Specht: Where do we want to grow?

Specht

In recent days, I have had the privilege of meeting with several people who want to see Minden and Webster Parish grow. While it is an admirable goal, it is no easy task. We are in competition with various communities, both in our own backyard and throughout the nation.

Over the years, and even the past few weeks, there has been a “pushing back” against perceived progress.

People were up in arms over the construction of Minden’s Walmart at the corner of Homer Road and Country Club Circle.

People were up in arms about a proposed Walgreens at the corner of Homer Road and Broadway.

People were up in arms over the creation of Grace Estates in the old Rathbun House.

People are up in arms over a zoning change on Homer Road near Minden’s Historic Residential District.

People are up in arms over the burn chamber at Camp Minden.

And the list could go on and on.

The concerns raised, while important, are not the heart of the issue. In the simplest of terms, we do not know how we want to grow as a community.

It is long past time to develop a master plan for growth, both for Minden and all of Webster Parish. I was encouraged to learn of efforts to create such a plan in Minden’s economic development and TIF districts. However, the scope needs to be much larger.

As we look at our communities, we must ask, “Where do we want to grow?” Then we must drill down deeper and get specific:

Where do we want heavy industry to locate? Where are the best locations? How do we mitigate the current challenges at those locations?

Where do we want light industry to locate? Is there proper infrastructure to accommodate these industries, should we have a chance at landing them?

How do we want our retail base to expand? Should we grow toward Interstate 20? If so, how? Should we look toward our northeast for retail growth, since we are garnering more and more sales traffic from Claiborne Parish? And how do we minimize encroachment on our residential districts?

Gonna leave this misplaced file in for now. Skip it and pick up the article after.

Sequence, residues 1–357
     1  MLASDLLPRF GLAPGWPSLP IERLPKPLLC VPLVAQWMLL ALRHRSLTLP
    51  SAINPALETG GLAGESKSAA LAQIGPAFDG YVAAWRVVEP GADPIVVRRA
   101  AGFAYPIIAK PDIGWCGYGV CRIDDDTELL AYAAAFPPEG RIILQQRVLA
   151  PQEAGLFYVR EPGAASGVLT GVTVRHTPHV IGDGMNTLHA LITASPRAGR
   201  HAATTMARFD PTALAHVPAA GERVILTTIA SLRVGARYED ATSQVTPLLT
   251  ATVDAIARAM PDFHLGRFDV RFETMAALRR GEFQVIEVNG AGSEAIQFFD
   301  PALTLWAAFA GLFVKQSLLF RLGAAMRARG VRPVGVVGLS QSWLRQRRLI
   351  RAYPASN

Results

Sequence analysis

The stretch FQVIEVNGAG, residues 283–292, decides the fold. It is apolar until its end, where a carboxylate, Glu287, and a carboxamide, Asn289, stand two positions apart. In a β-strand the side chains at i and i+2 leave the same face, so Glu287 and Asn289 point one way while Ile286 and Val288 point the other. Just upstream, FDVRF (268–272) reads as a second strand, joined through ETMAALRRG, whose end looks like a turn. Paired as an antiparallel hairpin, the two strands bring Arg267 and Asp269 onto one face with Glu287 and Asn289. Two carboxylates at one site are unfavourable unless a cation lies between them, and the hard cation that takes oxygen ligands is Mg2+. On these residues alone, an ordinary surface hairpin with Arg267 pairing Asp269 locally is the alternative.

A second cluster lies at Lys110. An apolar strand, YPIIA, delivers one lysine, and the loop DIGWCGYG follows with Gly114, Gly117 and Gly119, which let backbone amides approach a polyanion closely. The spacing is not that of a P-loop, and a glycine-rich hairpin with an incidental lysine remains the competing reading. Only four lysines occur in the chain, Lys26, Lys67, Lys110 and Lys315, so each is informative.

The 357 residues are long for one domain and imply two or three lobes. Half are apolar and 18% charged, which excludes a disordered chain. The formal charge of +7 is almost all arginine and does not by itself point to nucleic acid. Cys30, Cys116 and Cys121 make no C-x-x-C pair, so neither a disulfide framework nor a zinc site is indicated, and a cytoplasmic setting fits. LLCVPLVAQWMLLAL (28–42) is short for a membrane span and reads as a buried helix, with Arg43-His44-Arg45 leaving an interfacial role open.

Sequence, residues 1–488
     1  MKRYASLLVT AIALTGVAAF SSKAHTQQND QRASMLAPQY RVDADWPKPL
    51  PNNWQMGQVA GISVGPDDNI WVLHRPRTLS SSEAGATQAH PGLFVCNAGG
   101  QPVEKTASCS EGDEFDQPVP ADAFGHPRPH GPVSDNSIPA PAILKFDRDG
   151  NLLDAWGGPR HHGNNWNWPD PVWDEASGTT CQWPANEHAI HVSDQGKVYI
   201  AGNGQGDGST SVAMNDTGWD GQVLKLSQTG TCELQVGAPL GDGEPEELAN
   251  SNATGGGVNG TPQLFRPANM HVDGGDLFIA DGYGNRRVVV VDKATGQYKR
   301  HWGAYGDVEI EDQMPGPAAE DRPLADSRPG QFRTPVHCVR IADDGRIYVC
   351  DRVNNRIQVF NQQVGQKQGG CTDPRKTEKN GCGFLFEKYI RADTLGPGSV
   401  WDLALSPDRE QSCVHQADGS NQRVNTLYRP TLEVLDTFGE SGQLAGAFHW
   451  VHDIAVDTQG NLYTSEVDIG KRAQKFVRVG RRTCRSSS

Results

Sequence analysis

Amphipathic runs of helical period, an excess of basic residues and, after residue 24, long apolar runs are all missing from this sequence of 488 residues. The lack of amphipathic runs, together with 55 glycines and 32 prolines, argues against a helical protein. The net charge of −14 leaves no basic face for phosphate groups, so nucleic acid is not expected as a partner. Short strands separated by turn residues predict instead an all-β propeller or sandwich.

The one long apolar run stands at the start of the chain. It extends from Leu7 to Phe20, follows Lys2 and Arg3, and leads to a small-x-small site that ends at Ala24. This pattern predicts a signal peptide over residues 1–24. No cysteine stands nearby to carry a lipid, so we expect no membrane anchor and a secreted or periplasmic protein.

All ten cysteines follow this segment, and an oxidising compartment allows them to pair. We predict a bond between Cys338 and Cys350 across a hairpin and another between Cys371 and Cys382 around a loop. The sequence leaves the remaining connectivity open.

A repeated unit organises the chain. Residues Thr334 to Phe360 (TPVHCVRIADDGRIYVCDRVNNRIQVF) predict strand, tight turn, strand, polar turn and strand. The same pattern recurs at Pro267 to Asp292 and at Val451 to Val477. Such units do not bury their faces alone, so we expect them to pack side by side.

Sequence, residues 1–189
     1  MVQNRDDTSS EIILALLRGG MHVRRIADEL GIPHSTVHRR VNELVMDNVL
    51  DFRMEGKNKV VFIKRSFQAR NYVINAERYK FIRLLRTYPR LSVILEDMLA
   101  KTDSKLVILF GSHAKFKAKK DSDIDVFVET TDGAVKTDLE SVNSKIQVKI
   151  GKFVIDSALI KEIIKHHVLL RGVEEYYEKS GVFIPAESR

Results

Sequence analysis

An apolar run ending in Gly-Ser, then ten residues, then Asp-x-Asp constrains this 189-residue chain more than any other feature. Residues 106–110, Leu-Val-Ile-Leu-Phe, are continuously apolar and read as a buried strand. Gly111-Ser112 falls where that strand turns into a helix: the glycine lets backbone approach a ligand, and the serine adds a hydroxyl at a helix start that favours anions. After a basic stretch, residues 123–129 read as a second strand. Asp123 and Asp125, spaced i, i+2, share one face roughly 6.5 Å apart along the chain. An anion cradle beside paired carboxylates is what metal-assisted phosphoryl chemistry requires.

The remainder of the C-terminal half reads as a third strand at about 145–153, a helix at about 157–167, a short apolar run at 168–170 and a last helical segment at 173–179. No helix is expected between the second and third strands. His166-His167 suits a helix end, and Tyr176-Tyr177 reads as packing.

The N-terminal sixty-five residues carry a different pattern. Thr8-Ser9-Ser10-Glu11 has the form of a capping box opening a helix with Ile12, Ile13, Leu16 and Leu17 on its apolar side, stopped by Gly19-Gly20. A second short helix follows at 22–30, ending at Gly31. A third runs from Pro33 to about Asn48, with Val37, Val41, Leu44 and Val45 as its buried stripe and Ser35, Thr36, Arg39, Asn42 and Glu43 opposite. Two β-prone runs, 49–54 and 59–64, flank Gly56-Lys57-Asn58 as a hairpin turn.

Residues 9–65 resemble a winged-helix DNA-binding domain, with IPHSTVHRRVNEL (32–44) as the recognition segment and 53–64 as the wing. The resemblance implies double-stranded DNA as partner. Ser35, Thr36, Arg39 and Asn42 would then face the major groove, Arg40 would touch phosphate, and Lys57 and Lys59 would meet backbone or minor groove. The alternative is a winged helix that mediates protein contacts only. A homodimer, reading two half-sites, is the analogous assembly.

Speaking of residential, where should our next subdivisions locate? What would be the impact on roads, schools and others?

What do we do with our downtown, historic residential, and other districts moving forward?
nWhat plans are needed for school growth, building standards, signage, etc.?

This master plan would need to be formulated by experts in community growth and open to public comment. While it is impossible to keep politics completely out of any government process, we can keep it to a minimum.

A master plan is an expensive and tedious process. However, for our community to grow properly, it is imperative. All our public bodies should take part in the formation and expense of this process. However, we do not what a “horse built by committee.” That would be disastrous,

Why now? Because we aren’t growing, yet.

Can you imagine how easy it would be for those in economic development to court new businesses and industries if they could show a comprehensive plan? Just imagine how the decision maker would see our community.

But we have to have this plan before, not during or after. It reminds me of a story in the movie, “Facing the Giants.”

There were two farmers who desperately needed rain. Both farmers prayed to God for rain. But only one farmer went out and prepared his fields to receive it. Which farmer had more faith in God?

Which one will we be?

David Specht is president of Specht Newspapers Inc. He may be reached via email at david@snimedia.com.

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